I make no bones about the fact that I have a writing style that’s considered rather old-fashioned, even undesirable, by many people in the current era. The way I see it, I’m merely writing the way I’ve always written, in the style I’m most familiar with reading. When most of the books you’ve read throughout your life were written before your time, you’re going to be used to one way of telling a story. Trying to copy what’s considered most desirable now would feel extremely fake and forced. I avoid reading fads the same way I’ve never really been into current music and movies. If something or someone stands the test of time, it’ll still be there to be discovered in 20 or 30 years, and it’ll ensure I got into that band, writer, or actor because I discovered it for myself, not because everyone was proclaiming it as the best thing since sliced bread.
Many of the children’s and young adult books I read when I was younger began with that “Once upon a time” style, taking time to set up characters, setting, and situation instead of trying to immediately hook the reader with some cryptic, witty line or an intense action scene. If I don’t know who these people are or what their story is, why am I going to follow along if I’m dropped into their lives in media res? Traditionally, a first chapter was about establishing the story, and then introducing some kind of action or problem at the end of the first chapter or during the second. Once we know and care about these people, then we can get into the meat of the story.
For a long time I didn’t really understand what exactly showing vs. telling meant. I assumed telling meant describing stuff after the fact instead of narrating important events as they were unfolding. How was I supposed to know it’s considered such a crime and grave writing error to directly tell the reader something? I really prefer to just be told important, establishing information right upfront, instead of playing guessing games or being left wondering for many chapters. Some things you can’t really “show” without taking up too much space. I’d rather just be told a character is nervous or excited without having several paragraphs of description about a pounding heart, sweating palms, pushing hands through his or her hair, pacing back and forth, etc. Get to the damn point; don’t bore me with endless descriptions of body language and psychological state!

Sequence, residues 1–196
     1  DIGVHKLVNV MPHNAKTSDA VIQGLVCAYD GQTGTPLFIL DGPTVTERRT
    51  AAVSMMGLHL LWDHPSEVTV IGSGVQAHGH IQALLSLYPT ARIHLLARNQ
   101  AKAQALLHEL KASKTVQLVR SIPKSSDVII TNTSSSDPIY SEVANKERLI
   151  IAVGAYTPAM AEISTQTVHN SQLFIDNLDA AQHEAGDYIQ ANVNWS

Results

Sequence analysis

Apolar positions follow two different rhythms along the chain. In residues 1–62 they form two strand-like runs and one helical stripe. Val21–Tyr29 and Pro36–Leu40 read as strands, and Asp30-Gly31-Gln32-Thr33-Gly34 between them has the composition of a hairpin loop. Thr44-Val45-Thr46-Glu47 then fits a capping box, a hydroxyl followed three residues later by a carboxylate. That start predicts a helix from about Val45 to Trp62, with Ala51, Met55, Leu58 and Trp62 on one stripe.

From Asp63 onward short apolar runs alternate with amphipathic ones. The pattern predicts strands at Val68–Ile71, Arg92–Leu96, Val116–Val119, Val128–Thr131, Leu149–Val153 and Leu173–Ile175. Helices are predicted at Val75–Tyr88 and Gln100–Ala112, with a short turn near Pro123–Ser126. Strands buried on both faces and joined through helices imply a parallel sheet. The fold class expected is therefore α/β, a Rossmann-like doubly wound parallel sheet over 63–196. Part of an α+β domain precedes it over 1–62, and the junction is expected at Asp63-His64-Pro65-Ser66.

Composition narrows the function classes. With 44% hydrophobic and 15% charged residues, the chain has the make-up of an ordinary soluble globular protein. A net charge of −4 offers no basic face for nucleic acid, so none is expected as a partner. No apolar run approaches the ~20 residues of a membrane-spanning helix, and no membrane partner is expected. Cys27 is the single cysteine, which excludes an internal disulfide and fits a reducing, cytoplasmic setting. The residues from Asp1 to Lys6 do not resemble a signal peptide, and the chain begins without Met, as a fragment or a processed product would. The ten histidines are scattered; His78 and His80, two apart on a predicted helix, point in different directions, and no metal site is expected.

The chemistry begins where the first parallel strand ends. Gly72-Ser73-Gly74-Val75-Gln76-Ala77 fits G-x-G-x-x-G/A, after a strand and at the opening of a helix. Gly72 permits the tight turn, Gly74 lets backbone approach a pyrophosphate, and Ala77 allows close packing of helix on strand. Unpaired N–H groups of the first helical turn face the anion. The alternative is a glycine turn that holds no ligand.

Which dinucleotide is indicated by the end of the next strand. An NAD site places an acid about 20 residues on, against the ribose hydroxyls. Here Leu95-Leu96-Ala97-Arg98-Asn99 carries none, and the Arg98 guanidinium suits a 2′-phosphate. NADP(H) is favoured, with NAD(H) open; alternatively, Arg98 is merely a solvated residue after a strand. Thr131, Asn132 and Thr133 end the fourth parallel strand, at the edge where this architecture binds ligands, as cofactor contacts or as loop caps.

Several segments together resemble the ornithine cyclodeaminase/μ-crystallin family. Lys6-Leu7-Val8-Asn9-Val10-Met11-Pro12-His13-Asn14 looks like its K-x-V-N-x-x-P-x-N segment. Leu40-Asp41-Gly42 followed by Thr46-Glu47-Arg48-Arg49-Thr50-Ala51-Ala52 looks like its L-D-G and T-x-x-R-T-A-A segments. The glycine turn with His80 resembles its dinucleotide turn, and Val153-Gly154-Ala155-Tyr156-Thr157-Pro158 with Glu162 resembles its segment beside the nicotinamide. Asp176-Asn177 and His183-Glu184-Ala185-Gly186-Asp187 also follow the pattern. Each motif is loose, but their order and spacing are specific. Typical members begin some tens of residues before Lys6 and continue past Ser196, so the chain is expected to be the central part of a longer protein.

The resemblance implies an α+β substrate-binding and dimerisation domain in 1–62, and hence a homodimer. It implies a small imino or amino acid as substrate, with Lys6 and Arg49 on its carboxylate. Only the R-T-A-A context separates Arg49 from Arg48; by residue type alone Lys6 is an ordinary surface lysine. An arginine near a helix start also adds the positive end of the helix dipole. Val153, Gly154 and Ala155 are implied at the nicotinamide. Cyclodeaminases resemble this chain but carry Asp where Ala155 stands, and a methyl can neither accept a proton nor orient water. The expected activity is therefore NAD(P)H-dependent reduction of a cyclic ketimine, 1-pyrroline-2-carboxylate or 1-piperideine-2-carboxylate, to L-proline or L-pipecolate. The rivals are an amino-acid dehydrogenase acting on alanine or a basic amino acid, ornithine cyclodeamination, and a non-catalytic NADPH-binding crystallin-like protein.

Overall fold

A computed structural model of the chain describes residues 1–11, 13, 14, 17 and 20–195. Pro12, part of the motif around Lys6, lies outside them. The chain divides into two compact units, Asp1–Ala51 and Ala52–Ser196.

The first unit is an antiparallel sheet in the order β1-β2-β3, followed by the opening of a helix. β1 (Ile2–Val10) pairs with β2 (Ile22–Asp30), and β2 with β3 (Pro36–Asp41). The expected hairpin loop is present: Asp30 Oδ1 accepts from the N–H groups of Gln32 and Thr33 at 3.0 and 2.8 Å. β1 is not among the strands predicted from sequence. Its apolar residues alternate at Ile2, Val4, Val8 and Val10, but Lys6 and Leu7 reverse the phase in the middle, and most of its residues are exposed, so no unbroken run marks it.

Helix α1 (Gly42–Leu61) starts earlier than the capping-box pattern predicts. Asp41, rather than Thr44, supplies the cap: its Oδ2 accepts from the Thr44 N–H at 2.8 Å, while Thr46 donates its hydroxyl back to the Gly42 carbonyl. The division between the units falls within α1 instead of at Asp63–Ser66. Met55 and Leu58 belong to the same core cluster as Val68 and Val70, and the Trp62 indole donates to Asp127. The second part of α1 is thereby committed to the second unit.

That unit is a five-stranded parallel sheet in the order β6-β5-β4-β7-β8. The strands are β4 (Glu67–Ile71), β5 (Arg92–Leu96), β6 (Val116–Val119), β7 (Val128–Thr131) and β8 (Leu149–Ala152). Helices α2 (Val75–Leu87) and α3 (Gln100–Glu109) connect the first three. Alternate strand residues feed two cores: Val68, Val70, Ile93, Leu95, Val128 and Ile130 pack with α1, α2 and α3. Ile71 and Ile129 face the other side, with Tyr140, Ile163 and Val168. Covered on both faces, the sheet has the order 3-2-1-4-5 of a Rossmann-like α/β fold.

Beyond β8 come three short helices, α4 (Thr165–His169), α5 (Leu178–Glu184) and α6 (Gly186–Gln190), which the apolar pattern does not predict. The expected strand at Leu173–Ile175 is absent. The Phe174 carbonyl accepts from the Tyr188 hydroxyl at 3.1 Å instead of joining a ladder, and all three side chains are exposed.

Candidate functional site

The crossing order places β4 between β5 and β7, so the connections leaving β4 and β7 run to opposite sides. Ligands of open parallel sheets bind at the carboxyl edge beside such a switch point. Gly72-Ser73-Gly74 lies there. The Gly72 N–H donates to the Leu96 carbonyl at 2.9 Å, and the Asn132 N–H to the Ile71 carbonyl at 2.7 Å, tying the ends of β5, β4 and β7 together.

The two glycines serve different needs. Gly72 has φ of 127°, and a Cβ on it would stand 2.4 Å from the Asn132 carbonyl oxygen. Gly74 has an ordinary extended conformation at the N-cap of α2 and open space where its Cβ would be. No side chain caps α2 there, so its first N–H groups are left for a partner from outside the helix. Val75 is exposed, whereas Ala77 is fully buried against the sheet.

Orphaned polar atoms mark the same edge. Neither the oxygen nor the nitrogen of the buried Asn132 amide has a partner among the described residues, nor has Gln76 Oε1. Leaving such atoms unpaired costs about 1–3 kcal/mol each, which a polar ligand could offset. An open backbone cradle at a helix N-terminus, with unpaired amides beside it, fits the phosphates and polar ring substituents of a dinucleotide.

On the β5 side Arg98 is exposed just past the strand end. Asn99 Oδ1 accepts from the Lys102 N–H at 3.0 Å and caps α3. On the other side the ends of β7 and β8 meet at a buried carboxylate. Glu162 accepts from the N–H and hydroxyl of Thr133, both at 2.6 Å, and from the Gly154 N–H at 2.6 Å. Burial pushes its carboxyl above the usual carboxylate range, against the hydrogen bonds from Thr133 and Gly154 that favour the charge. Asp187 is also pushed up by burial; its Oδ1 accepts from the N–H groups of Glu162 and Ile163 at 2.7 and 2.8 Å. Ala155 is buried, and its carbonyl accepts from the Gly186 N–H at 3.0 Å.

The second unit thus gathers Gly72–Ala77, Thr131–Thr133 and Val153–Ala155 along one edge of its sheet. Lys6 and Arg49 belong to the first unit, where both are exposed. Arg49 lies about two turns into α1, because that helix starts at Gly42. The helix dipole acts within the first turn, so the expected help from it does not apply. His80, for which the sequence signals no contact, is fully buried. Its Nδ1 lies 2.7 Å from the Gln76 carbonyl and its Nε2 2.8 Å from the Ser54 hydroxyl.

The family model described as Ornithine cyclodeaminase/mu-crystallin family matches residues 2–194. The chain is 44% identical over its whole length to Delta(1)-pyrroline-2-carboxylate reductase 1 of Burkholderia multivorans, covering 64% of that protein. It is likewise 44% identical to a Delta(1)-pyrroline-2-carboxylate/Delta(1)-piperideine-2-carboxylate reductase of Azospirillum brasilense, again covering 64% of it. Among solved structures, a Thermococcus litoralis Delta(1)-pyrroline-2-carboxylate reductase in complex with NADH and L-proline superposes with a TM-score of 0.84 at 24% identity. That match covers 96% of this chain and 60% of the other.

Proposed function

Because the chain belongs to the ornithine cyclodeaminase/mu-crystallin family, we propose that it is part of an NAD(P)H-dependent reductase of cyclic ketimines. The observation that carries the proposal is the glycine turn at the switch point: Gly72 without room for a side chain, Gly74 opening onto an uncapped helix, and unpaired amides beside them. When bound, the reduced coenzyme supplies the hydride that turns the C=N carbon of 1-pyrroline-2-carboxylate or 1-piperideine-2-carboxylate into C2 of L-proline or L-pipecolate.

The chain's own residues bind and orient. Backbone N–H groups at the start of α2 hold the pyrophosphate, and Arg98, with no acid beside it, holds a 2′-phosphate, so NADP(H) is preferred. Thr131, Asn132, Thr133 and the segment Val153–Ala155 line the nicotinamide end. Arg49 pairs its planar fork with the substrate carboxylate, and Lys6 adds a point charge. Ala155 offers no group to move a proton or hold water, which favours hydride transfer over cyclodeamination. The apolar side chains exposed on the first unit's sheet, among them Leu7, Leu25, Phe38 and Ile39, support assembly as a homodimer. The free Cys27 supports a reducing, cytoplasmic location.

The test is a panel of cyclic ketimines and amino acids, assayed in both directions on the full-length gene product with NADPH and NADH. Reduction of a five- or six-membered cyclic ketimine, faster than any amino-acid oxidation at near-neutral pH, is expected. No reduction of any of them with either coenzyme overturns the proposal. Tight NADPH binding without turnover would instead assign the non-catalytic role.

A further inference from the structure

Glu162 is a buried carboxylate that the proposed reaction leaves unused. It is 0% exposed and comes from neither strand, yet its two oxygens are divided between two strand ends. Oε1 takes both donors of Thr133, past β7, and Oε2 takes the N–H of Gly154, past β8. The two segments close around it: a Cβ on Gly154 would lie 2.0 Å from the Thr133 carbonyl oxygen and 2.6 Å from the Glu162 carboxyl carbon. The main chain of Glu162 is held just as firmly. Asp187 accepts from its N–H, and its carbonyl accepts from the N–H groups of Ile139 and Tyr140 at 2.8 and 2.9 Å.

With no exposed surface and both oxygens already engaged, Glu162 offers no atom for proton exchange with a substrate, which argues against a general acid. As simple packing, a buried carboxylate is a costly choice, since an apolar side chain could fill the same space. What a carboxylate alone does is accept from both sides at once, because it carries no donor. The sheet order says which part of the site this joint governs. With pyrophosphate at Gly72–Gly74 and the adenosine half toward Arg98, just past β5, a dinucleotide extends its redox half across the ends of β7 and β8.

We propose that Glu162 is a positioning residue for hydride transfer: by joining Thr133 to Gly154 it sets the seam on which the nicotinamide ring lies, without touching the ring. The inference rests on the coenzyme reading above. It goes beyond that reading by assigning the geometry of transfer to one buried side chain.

And if it’s in the first chapter or opening paragraphs, why not just cut to the chase and establish certain important information? Of course there’s plenty of room later to show that a character is a spoilt brat, very religious, has psychological scars from an abusive childhood, etc. But if we don’t know a character yet, and that’s a very important part of his or her personality, why not just state it upfront so we’re not left wondering or lacking key information to understanding someone?
A number of characters are introduced, and a bit of backstory is given, in the first several pages of my Russian novel. (Keep in mind that the current opening is the third version of the opening, not the same exact one that’s been there since I started writing it in January ’93.) I deliberately chose to open by conveying the information that Lyuba has just rejected Ivan’s marriage proposal, and that he’s really confused and broken up over it. I wanted to leave a question in the reader’s mind as to why exactly she rejected him and what led up to that.
Ivan speculates it has something to do with her mother, and how Lyuba has long pretended she prefers Boris. Later on in the first chapter, Lyuba pretty much confirms his suspicions. But we still don’t know exactly why she did it, when she’s shown as being really torn up about it too, constantly thinking back to their month-long secret romance and regretting the very real possibility of never becoming the wife of the man she loves so much. During a later flashback told in two parts, we finally see how their clandestine romance started, how her mother influenced her into jilting Ivan, and the rejected proposal itself.